Adding check the dryer ventilation/hose as lint can collect there!. Lint can collect on the outside vent as well.
    Mindy Jensen BiggerPockets Community Manager from Longmont, CO
    Replied about 4 years ago
    Good catch, Mary Lou. That is especially important in a rental.
    Matt Slakey Investor from Salem, Oregon
    Replied about 4 years ago
    Great list. I made it into a spreadsheet (along with the suggestions) and put it on the fileplace: https://www.biggerpockets.com/files/user/MattS16/file/cleaning-checklist Also, I’ve heard that using dish soap on windows and mirrors keeps them from getting dusty. Whereas windex or something similar attracts dust. I haven’t done a side-by-side comparison.
    Mindy Jensen BiggerPockets Community Manager from Longmont, CO
    Replied about 4 years ago
    Awesome, Matt. Thanks!
    Dumitru Anton from Northbrook, Illinois
    Replied over 3 years ago
    Thank You, Matt
    Virginia Hedges Investor from Mount Holly, NJ
    Replied about 4 years ago
    Thanks, Matt. This makes Mindy Jensen’s great info so easy to work with.
    Pyrrha Rivers Investor from Yokosuka, Japan
    Replied about 4 years ago
    Thanks for the helpful list!
    Mindy Jensen BiggerPockets Community Manager from Longmont, CO
    Replied about 4 years ago
    You’re welcome, Pyrrha! Thanks for reading.
    Alan Mackenthun from Prior Lake, Minnesota
    Replied about 4 years ago
    This is a great list. Thanks much. I’d add to pull out the stove and refrigerator and clean behind them. These places get really disgusting and draw pests.
    Mindy Jensen BiggerPockets Community Manager from Longmont, CO
    Replied about 4 years ago
    Thanks for the suggestions, Alan.
    Gloria Almendares from Kailua, Hawaii
    Replied about 4 years ago
    Great list Mindy! I will give to my cleaning lady, but I’m sure they will skip corners. I own 10 rentals, and manage 25 other rental properties. I have not found a cleaning person that I am 100% satisfied with. I would add to the list: clean window coverings (launder curtains, clean vertical blinds or shades, etc). Also, my professional painter taught me a trick that has saved me hundreds of dollars: Use “Magic Eraser” to wipe off smudge marks from walls, floor, appliances, etc. Make sure that the magic eraser is damp (or it won’t work!). This “trick” has saved me a lot of money, because after using the “Magic Eraser”, I did not have to paint any of the walls, all the dirt came off! Of course if the walls are damaged, with nicks and holes, then they will need to be repaired, sanded and painted.
    Dax Middlebrooks from Spring, Texas
    Replied about 4 years ago
    Mindy, Great article. Thanks for sharing. I use a checklist for packing. I traveled a lot for business in the past. I was always annoyed by that person who needed to detour our party in order to pick up something at a drugstore. For anyone who still isn’t convinced on the power of spreadsheets, you can check out the Checklist Manifesto. It shows how checklists save lives, time, and money everyday in many facets of life. Dax
    Jeff B. Real Estate Investor from Lake Worth, Florida
    Replied about 4 years ago
    Great list, I would add to document with pictures, video prior to cleaning any items that are Not normal wear and tear. Then deduct the additional cleaning costs from security deposit. Additionally make sure your lease discusses cleaning the unit upon vacancy and that any items beyond normal wear and tear will be deducted from the security deposit. If tenant is unsure of what normal wear and tear is to contact landlord for explanation. Additionally the landlord should state cleaning the carpet and leaving unit in condition it was originally accepted and documented in on the Move-In checklist is expected. I do Not run a Non-Profit so any additional cleaning expense should be billed to the appropriate party.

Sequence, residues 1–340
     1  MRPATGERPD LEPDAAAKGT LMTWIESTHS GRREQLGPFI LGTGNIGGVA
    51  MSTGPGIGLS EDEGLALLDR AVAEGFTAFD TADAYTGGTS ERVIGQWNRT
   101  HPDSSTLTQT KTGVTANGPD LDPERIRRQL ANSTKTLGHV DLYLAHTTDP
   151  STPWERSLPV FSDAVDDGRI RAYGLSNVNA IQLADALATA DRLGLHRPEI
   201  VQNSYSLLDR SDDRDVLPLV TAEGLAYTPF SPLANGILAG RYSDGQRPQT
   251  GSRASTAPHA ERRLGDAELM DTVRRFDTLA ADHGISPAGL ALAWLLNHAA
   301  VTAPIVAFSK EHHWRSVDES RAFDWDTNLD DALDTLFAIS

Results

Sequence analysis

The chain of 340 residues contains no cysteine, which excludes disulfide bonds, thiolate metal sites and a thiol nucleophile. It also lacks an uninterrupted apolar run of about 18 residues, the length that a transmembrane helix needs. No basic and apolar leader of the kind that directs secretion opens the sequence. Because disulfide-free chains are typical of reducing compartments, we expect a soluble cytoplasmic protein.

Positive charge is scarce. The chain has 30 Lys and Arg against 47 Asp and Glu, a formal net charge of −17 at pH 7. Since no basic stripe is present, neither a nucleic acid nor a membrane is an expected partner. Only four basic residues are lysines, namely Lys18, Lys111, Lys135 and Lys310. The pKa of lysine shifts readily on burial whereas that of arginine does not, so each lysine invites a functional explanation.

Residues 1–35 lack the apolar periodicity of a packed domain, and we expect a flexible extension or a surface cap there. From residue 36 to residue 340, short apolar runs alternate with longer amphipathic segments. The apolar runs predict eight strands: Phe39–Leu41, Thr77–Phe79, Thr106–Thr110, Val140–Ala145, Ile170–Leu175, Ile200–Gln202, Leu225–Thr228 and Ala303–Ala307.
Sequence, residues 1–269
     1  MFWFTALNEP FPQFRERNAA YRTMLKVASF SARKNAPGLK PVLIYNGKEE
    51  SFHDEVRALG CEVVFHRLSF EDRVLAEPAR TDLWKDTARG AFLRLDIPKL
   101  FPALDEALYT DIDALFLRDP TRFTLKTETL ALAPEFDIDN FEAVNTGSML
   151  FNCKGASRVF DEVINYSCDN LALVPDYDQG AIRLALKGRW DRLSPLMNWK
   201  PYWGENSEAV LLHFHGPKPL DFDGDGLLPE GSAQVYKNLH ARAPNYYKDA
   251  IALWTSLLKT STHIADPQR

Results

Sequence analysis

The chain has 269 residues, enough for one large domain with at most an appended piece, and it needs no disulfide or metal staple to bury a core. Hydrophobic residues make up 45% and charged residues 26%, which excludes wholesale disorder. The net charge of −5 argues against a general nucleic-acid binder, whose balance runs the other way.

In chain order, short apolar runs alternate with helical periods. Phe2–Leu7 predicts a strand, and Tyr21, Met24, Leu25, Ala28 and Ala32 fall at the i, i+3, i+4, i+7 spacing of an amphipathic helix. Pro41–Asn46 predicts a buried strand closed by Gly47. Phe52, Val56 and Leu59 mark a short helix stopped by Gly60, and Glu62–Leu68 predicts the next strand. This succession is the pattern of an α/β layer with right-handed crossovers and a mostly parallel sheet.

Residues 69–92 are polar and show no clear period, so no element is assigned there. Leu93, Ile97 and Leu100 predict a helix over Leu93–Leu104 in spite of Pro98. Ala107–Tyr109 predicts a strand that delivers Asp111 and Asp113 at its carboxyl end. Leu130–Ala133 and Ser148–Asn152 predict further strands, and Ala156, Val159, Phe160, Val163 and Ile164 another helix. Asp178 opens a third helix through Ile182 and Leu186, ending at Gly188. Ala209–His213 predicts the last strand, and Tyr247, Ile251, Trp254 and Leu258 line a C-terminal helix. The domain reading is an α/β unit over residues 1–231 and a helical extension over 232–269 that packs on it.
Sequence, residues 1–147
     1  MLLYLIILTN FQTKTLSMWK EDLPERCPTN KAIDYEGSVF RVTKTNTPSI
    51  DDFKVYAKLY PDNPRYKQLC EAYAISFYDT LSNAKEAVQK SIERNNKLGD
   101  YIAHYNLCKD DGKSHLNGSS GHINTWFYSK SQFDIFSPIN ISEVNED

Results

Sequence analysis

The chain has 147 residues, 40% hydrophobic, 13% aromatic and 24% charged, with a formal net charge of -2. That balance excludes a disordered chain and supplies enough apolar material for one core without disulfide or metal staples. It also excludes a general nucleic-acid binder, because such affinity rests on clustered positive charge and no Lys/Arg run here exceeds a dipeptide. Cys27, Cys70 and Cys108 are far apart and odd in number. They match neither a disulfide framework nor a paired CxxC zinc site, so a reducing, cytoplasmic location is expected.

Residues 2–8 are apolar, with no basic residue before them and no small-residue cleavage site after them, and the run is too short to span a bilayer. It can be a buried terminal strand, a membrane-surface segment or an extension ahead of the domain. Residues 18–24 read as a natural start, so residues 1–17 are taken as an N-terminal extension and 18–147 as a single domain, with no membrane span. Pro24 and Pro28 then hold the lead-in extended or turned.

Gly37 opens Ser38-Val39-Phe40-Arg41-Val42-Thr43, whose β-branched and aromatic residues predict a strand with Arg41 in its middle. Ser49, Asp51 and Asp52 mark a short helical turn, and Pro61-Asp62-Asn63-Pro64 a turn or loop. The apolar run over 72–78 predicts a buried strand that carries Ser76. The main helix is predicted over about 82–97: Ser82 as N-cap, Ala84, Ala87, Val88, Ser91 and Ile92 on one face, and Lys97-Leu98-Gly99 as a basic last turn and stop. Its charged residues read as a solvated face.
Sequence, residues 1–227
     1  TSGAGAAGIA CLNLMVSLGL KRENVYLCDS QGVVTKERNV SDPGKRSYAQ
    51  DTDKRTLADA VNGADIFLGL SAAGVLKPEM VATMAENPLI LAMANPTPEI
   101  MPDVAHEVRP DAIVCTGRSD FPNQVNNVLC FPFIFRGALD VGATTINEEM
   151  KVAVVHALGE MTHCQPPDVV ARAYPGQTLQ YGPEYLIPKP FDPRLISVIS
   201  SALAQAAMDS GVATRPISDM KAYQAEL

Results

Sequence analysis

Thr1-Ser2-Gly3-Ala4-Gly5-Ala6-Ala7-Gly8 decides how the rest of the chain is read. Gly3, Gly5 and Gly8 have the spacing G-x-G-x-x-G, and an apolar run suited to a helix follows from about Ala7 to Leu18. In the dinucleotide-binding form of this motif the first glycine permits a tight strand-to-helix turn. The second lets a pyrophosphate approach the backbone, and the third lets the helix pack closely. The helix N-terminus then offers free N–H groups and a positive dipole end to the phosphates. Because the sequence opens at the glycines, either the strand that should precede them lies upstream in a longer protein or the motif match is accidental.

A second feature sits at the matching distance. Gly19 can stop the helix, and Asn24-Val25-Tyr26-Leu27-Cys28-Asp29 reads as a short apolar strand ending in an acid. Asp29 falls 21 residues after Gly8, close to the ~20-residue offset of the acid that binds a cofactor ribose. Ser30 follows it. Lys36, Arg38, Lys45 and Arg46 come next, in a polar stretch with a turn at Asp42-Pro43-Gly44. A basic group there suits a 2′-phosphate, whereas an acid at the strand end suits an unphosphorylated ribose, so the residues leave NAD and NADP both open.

Corinne Shea
    Replied about 4 years ago
    That’s a great article!~ I am going to use it for my tenants as a reminder of what broom clean is and for my maintenance crew for a check list.
    Ben Staples Investor from Malden, MA
    Replied almost 4 years ago
    This is awesome. Thank you so much for taking the time to write this out.
    Karl B. Rental Property Investor from Los Angeles, CA
    Replied over 2 years ago
    Great article. I also suggest using Mr. Clean Magic Erasers – they’re pretty great. I don’t buy the generic ones – although some are good I’ve had others fall apart right away. But the Mr. Clean Magic Eraser is great for scuffs. I especially use them in hallways where scuffs are more prevalent. And having door mats outside every apartment is nice as well. They sometimes sell suitable ones at the Dollar Tree (they weren’t chintzy, which was awesome).
    Annie Pitcher Investor
    Replied about 2 years ago
    One tip for upper cabinets. Kitchena tend to have build up of grease. Get a very hot cloth dont wring out all the water. Wipe over the top. Then sprinkle baking soda. Wipe with hot wet cloth. It comes off so fast. No scrubbing.
    Anthony Wilks
    Replied over 1 year ago
    When we moved out of our duplex to move into our purchased duplex, after everything was out of the place, the two of us spent 6 hours cleaning, top to bottom. 6 hours, and we are very clean people. The landlords appreciated it, and I will appreciate it if my tenants do the same. Top…to….bottom…